Global Voices

Conducting Medical Research in Africa: Opportunities and Misconceptions

"Due to the history of aid funding, every dollar spent is backed up by a dollar to ensure that fraud is minimised."

Ranjit Warrier in 2016 in Zambia with his permission

Medical research conducted in Africa is often undercovered and ignored by the media, but it is a thriving field that highlights the continent's most pressing needs.

The reason why there is demand for locally conducted medical research is two-fold: Firstly, global health currently does not have the range of medicines and vaccines required to tackle the health issues specific to the African continent. Diseases such as AIDS, tuberculosis, and malaria have a greater detrimental impact on the poorest countries of Africa and a lack of investment in products targeting these diseases by pharmaceutical companies is a major problem.

Secondly, research conducted by African scientists will serve to develop research capacities in Africa and an increased role for science and technology can only be beneficial to the continent's economic development.

Dr. Ranjit Warrier is the director of the Central Laboratory at Centre for Infectious Disease Research in Zambia (CIDRZ). He grew up in Lusaka, Zambia in the 1990's just as the AIDS epidemic began to take a major toll on the national health. He left Zambia to pursue higher education in the United States in Louisiana, then Indiana. He conducted his own research on the HIV virus as a post-doctoral fellow at the University of Pennsylvania before deciding to go back home in order to make an impact on Zambian healthcare. Global Voices discussed both the future of medical research in Zambia and the things that the media gets wrong about such research in Africa with Dr. Warrier. [Disclaimer: Dr. Warrier is speaking in a personal capacity]:

Global Voices (GV): What is your research topic?

Ranjit Warrier RW: I'm doing a lot of implementation work currently, supporting the Zambian national ART programme with Laboratory testing. I am just starting a research programme in Molecular Diagnostics development for HIV, TB, and other pathogens of interest.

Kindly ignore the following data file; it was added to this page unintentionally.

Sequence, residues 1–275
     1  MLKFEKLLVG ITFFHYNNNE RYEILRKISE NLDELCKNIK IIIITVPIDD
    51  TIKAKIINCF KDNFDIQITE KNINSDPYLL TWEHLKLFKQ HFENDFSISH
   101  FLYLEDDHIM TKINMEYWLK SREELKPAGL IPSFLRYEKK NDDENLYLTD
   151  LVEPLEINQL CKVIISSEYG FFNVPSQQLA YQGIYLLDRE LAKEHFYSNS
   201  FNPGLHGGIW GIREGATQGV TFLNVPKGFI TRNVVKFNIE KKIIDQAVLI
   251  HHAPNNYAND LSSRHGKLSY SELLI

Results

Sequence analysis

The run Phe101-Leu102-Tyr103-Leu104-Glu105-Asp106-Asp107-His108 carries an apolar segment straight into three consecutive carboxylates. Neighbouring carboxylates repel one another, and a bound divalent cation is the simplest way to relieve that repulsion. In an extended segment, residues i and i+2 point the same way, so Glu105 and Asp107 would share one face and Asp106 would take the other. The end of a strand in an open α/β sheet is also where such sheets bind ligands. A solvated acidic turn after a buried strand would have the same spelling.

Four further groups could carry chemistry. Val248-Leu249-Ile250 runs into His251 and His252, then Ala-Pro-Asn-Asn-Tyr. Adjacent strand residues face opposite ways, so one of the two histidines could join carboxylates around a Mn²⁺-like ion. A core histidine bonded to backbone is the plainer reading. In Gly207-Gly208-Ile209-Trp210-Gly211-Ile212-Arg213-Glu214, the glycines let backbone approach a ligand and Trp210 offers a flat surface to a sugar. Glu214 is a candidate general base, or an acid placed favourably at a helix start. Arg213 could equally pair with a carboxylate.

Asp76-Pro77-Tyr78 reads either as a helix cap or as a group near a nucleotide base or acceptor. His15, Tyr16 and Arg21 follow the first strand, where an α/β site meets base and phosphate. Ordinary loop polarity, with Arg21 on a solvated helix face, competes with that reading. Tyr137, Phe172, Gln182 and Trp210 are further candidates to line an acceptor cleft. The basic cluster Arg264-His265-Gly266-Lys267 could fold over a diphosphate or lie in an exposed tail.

GV: What do you see/think are the trending and hot topics in science in your country and Africa in general? How is it different from that in Western countries?

RW: There is no basic R&D. It's all implementation of solutions developed elsewhere. This has to change, otherwise we will always be receivers rather than makers. The received solutions are not usually ideal for our environment and making them work here correctly is sometimes impossible.

GV: Where does the funding and support come from? Is it sufficient? How easy/difficult is it to recruit suitable scientists?

RW: US and Europe. Different projects have different levels of funding. It is difficult to recruit people to come back or to move here, as funding and growth opportunities are better in other countries .

GV: How are the research infrastructures? What are the obstacles in your routine research activity that you didn’t encounter before?

RW: Basic infrastructure is not up to developed country standards and it costs a lot to get uninterrupted power, water, and Internet. Supplies are expensive and take months to be imported from other countries.

GV: What are the public’s opinions towards science and scientists in Africa?

RW: There is interest, but an extremely limited understanding of the scientific method. I would suggest critical thinking and the scientific method be taught in school to improve the situation.

GV: In your opinion, what is the potential in scientific research in Africa, where it should focus on and how we can help its development?

There is amazing potential. I have seen incredible students of all ages. There is need for dedicated science education starting at all ages. Social sciences, computer sciences, big data, outer space exploration, healthcare (non-communicable and Infectious diseases), and traditional medicine efficacy will pay off big.

GV: Could you describe the pros and cons of the life as a scientist in Africa vs Western countries based on your experience?

RW: Mainly it is the speed of doing things and the access to expertise that are big challenges here. The system that journals have to put articles behind paywalls is also limiting the amount of information and the speed with which research can be done.

Originally published in Global Voices.

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